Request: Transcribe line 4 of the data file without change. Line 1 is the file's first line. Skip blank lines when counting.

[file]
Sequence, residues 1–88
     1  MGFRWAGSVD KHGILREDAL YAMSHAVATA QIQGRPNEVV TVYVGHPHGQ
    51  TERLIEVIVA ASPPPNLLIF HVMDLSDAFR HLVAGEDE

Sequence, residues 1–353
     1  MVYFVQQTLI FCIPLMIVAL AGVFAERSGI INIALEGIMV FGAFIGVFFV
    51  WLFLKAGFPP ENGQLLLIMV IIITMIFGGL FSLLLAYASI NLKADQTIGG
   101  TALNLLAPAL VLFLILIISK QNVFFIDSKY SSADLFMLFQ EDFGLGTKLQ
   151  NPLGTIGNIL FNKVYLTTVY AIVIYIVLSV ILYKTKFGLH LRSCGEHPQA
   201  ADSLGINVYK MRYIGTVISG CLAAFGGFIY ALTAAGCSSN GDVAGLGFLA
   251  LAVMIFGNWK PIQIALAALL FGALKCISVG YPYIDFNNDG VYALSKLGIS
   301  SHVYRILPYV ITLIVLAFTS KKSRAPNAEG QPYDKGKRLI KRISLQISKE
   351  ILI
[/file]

Sequence, residues 1–353